Need custom fabric treatments such as draperies, pillows, cushions, valances, table cloths, or bedspreads for your home? Done. Need a chair reupholstered or want one built from scratch? Done. Own a restaurant or bar that needs to be outfitted with durable hard-use décor or accouterments? Done. Need to outfit a fancy, post-Academy Award party? Done. The skilled workers at Foam’n Fabrics create jewels of commercial and residential goods that are only limited by an imagination.
A combination of showroom and workroom, This village business is squeezed into a single story building near the southern border of San Clemente.
Bolts of indoor and outdoor fabric bloom from barrels in every corner and greet visitors at the front door. Massive blocks of foam are stacked in the center of the main room. Lining the walls are rolls of cotton, velvet, denim, silk and every kind of fabric. Hanging adjacent are fabric swatch books - spine to spine - by Kravet design, Robert Allen, KasLen, GreenHouse, Pindler and Pindler, Kasmir, and others. The design possibilities are infinite. Trim, bullion, tassels, and fringe in a medley of colors and hues are lined up in overhead shelves. Retail, design trade, and commercial projects in various stages of completion are piled on worktables and cubbies.
It is a playground for both the most adept designer and the person who is creatively challenged. Concerning the later, don’t worry; expert guidance is available from a gracious and willing staff that will assist you in every aspect of your design project.
Foam’n Fabrics began life in Bellflower in 1969. It was wholly owned and operated by a maverick of a woman named Millicent Cook. This is where her sons, Dave and Keith Flisik, worked as boys and learned the business.
Dave says about growing up in manufacturing, “It was the ‘learn by doing method.’ ”
In 1972, Millicent opened the San Clemente location in what was once a cook-your-own-steak barbeque restaurant. When she retired 13 years ago, the sons took over fulltime. Dave runs the San Clemente location and Keith runs the Bellflower location, which is four times larger. Both brothers are enthusiastic about their old-school way of crafting goods and furniture. Dave is proud to point out a worktable - still in use today - that he made when he was ten.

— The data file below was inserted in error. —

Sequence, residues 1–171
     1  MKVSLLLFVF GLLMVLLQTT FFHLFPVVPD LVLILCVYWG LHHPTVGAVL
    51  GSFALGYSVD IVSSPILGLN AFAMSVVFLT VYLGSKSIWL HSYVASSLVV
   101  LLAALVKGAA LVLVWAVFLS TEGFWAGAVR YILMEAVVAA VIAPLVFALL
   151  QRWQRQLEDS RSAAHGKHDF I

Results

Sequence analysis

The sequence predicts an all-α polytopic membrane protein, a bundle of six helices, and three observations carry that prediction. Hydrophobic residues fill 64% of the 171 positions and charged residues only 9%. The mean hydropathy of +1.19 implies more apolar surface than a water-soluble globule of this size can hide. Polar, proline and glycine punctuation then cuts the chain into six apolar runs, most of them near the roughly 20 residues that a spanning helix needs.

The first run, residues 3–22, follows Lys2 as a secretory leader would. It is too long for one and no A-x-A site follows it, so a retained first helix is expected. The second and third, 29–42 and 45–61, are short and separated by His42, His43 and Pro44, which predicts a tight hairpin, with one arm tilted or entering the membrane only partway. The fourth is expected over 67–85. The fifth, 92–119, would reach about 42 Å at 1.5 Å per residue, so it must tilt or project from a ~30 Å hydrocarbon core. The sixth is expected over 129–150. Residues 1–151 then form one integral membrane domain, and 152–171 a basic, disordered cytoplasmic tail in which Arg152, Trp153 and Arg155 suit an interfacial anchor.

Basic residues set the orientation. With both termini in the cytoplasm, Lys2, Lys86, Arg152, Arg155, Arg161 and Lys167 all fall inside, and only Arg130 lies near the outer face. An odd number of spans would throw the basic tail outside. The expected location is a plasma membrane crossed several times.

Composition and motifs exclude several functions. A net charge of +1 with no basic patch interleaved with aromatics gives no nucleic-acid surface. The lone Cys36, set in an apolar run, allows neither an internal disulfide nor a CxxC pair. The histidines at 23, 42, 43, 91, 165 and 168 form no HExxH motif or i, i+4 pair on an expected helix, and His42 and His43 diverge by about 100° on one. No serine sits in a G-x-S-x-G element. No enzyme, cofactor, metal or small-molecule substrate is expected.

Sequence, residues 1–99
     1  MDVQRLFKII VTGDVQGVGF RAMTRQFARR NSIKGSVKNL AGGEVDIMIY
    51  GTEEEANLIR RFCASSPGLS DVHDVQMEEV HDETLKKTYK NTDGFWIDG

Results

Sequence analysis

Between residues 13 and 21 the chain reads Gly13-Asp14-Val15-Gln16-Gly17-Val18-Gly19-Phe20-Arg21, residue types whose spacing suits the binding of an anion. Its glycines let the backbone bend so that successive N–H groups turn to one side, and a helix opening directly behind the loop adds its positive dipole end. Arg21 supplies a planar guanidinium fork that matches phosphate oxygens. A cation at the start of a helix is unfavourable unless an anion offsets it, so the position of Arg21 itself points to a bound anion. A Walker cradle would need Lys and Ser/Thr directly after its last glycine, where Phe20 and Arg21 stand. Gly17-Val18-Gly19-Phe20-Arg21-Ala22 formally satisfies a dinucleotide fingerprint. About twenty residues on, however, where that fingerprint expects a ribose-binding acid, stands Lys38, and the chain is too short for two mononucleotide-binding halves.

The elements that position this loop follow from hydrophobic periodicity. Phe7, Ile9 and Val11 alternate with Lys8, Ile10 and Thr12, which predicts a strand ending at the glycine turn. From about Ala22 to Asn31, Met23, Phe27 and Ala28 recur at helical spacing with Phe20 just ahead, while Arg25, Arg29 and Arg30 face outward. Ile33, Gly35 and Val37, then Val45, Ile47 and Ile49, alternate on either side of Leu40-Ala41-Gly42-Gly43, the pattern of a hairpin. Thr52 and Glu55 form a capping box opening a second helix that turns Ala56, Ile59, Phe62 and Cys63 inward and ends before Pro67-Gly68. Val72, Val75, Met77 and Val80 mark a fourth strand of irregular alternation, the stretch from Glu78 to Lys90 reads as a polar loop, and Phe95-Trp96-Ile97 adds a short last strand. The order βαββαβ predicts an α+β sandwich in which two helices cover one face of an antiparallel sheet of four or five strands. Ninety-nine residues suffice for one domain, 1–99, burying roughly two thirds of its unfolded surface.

Old-fashioned workmanship is a major source of pride for the ten fulltime staffers of Foam’n Fabrics. They exclusively use Alder wood for furniture interiors and cabinets. It’s a hardwood with a close grain that easily takes stains and finishes and stays flexible. Ever notice how antique furniture made of oak will crack? Alder won’t. Alder lumber also comes in a variety of grades for different applications and cost savings. And it’s a fast growing and, thus, renewable resource. Score one for the environment.
Using a particular type of lumber isn’t all the good news. All furniture and frame joints are glued and doweled, “like Grandpa used to make,” according to Dave.
Quality and customer satisfaction are the core values that keep customers coming in. Except for a Yellow Pages ad, Dave does not advertise. His is a word-of-mouth business and that’s the way he likes it. First time customers are won over by the workmanship. Then they refer their friends. “Our business is trendy,” says Dave. “One person will come in and soon we’re working on projects for all the neighbors. Lately, we’ve been making a lot of bolsters.”
Pride trickles down from Dave to all the employees. Just ask Kevin, one of the longtime employees of Foam’n Fabrics, what projects they’ve worked on. “Tons,” he says. “Let’s see…there’s Rib Trader, Iva Lee’s, Antoine’s, Sonny’s, The Cottage and Royal Hawaiian in Laguna Beach, Harpoon Henry’s, The Rendezvous at the depot in San Juan…we did that job top to bottom. We made the seating at terminal one of the San Diego airport.”
The list of customers goes on, yet only 30 percent of the business is commercial. The rest is residential with a smattering of special projects.
Dave says, “November and December is our busy time of the year. People spruce up for the holidays. After that, we take vacation.” He says “we” a lot and it’s evident he enjoys his job and the employees who work for him. He and half his staff moonlight as security at the Pageant of Masters, “Because it’s fun.” Some have even worked security at the winter Olympics in Salt Lake City and Torino.
Many years ago, a San Clemente business group bestowed an award to Foam’n Fabrics for the ugliest sign. Despite this onerous distinction it is a thriving business built on old-fashioned values and a work ethic devoted to quality workmanship.